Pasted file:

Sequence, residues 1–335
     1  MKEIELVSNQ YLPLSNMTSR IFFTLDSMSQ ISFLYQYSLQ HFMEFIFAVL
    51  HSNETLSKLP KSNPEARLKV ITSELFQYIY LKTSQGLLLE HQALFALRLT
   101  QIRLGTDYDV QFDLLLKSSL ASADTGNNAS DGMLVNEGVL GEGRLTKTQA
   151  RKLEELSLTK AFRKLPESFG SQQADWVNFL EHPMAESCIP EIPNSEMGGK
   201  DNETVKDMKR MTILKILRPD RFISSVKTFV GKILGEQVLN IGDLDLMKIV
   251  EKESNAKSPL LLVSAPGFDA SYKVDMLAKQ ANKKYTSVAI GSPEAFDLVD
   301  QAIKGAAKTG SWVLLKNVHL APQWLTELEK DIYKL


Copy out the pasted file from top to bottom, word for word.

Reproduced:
Sequence, residues 1–335
     1  MKEIELVSNQ YLPLSNMTSR IFFTLDSMSQ ISFLYQYSLQ HFMEFIFAVL
    51  HSNETLSKLP KSNPEARLKV ITSELFQYIY LKTSQGLLLE HQALFALRLT
   101  QIRLGTDYDV QFDLLLKSSL ASADTGNNAS DGMLVNEGVL GEGRLTKTQA
   151  RKLEELSLTK AFRKLPESFG SQQADWVNFL EHPMAESCIP EIPNSEMGGK
   201  DNETVKDMKR MTILKILRPD RFISSVKTFV GKILGEQVLN IGDLDLMKIV
   251  EKESNAKSPL LLVSAPGFDA SYKVDMLAKQ ANKKYTSVAI GSPEAFDLVD
   301  QAIKGAAKTG SWVLLKNVHL APQWLTELEK DIYKL